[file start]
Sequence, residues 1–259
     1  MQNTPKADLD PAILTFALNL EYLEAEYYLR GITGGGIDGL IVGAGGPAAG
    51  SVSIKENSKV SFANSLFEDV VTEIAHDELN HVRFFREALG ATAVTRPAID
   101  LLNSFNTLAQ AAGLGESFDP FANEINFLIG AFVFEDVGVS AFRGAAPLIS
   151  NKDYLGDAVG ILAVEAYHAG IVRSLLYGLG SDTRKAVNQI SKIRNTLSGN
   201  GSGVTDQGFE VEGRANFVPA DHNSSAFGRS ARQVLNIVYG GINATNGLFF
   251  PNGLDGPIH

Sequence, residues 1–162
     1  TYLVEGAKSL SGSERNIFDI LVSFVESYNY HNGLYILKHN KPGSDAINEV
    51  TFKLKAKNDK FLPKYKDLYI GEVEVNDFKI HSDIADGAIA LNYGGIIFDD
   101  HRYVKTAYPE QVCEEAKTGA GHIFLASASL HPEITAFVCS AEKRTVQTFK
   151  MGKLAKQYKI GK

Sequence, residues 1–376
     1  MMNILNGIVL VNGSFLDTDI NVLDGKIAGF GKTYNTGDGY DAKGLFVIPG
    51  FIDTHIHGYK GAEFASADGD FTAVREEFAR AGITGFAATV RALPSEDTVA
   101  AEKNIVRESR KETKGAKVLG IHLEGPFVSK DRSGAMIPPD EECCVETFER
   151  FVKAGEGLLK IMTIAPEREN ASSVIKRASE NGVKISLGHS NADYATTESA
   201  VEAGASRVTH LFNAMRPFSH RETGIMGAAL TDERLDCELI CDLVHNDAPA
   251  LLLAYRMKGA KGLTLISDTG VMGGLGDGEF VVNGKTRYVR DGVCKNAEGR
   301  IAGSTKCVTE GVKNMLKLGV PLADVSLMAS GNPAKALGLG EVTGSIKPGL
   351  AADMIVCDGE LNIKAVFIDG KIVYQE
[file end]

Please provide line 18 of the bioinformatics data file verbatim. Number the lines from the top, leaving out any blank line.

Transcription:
   201  VEAGASRVTH LFNAMRPFSH RETGIMGAAL TDERLDCELI CDLVHNDAPA